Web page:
When a grasshopper has your back - Macleans.ca

When a grasshopper has your back

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The nightmares have finally stopped. I’ve regained my sense of security in the world. I don’t check around each corner to make sure a physics test is waiting to pop up out of no where. After a solid two weeks of Christmas vacation, I’ve recovered from the trauma of first-semester grade 12.

The scary thing was how school had infiltrated my mind. I couldn’t play Splinter Cell on xbox without realizing that there was a poetic device of alliteration in effect at the beginning of each word. I couldn’t watch the Bourne Ultimatum without thinking about how getting shot, falling 18 stories, hitting a body of water and then surviving (without getting all ugly and incapable of being a cool action hero) broke over a dozen laws of physics.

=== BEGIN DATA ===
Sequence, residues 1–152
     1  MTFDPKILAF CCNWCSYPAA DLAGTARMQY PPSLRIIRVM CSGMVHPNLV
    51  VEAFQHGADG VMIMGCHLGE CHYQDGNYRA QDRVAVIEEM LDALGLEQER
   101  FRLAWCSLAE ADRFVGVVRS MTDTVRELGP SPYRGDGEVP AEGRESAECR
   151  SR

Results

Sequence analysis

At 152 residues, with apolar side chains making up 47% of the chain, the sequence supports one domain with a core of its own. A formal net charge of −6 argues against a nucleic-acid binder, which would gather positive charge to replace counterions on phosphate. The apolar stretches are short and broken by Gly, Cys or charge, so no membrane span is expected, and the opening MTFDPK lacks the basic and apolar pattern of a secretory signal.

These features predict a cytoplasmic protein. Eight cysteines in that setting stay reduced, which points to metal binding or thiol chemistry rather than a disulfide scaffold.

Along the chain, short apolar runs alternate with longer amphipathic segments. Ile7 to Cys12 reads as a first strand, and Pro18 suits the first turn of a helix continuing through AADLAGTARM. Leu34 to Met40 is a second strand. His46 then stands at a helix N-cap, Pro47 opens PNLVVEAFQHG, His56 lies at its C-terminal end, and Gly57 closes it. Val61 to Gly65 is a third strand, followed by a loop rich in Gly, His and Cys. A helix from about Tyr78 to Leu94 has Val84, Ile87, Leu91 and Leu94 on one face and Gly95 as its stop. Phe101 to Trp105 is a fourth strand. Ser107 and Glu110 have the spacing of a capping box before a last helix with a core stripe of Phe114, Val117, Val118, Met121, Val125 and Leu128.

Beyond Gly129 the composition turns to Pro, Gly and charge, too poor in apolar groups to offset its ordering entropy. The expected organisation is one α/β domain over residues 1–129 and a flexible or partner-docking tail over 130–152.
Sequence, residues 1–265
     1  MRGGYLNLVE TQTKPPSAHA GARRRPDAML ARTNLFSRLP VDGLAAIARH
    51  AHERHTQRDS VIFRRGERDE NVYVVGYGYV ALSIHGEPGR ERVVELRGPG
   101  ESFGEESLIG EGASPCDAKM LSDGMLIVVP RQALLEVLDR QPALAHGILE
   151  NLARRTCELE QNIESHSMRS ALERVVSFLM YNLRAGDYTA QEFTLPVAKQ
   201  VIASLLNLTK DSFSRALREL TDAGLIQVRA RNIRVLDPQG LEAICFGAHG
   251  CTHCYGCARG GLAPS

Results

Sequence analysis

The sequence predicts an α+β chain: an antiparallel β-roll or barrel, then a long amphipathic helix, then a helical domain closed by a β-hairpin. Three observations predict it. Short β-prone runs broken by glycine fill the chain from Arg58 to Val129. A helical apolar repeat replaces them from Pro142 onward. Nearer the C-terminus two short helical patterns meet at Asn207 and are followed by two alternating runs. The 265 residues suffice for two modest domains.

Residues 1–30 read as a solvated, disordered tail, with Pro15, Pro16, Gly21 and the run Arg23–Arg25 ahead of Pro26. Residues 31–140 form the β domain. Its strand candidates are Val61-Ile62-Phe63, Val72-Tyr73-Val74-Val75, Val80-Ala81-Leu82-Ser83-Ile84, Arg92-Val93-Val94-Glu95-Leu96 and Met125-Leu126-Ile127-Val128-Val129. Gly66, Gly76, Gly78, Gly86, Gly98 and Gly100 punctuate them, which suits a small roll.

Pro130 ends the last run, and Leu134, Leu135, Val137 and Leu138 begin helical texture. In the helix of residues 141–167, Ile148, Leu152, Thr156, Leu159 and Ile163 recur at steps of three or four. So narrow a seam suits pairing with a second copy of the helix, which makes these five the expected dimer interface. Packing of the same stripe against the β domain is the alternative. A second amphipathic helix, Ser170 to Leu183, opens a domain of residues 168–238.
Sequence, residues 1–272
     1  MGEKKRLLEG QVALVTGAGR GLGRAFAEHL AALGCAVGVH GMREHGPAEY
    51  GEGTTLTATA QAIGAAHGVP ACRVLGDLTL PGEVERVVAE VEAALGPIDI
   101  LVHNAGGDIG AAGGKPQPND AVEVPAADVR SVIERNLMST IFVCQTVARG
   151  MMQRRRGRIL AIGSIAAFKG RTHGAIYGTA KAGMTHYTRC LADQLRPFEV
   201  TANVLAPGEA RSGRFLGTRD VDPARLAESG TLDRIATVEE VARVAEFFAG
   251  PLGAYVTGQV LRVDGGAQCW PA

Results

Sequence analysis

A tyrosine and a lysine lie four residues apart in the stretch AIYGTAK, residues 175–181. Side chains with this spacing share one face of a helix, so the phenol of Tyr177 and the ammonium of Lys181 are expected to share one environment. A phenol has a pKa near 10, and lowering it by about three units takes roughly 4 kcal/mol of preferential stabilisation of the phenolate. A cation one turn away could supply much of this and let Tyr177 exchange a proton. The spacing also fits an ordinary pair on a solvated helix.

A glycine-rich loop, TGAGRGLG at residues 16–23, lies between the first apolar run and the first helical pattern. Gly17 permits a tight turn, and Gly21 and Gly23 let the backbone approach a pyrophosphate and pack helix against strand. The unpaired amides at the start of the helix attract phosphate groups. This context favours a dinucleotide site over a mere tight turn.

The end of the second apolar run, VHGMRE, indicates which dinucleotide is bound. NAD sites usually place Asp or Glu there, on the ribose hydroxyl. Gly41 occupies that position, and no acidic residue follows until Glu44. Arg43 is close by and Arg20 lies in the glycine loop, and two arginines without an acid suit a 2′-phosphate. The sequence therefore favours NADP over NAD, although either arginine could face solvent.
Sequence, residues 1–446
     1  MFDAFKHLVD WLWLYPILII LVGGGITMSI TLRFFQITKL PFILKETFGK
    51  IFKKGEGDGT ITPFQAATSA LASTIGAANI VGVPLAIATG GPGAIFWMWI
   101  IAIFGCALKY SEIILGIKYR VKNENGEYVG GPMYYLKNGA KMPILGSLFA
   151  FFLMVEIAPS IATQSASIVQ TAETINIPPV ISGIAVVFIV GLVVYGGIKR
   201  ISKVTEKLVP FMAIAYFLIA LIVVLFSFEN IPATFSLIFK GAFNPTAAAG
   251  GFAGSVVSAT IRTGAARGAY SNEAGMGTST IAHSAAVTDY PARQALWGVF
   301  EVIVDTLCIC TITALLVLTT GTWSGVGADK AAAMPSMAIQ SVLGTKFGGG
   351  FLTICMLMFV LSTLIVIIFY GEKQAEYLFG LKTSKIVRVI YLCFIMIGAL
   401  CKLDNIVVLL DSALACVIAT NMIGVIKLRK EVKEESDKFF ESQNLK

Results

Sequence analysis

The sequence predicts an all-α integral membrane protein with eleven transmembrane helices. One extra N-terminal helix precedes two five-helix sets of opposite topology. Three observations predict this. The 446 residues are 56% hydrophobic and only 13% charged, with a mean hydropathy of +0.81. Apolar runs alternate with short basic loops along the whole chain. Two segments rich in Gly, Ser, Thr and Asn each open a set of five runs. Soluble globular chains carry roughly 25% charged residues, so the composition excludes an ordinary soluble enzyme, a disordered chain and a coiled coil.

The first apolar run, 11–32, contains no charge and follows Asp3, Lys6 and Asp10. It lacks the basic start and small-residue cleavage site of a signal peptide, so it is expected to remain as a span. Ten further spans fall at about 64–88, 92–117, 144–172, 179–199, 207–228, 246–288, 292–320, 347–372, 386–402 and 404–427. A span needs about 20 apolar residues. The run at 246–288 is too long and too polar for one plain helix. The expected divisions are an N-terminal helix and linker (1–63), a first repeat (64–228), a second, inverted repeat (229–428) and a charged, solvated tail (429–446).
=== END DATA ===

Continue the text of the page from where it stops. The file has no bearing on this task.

And I couldn’t watch The Golden Compass without thinking it was kind of unfair that, in a world where people have specific animal spirits that follow them around, if the guy with a grasshopper spirit gets into an argument with the guy who has a tiger spirit, a tiny crunchy exoskeleton is all that can defend his honour. And yes, that has nothing to do with school. And yes, I’m sure there must be some sort of social stigma attached to having your animal representation being an insect.

I couldn’t read Winds of War without feeling guilty about Hamlet, which I knew I should be spending all my reading time on in preparation for my exams. That, or exploring the poetic intricacies that exist within No Great Mischief. I was shell shocked.

But after watching movies that weren’t attempting to deeply move me or prove how clever and imaginative the director is, and after lots of xbox, I managed to slowly recover from the shell of a person that I had become.

And in four days, I’m going back.

BIO NOTE: 16-year-old Scott Dobson-Mitchell writes a weekly newspaper column for the Seaway News and welcomes reader comments at: scott.dobson.mitchell@gmail.com

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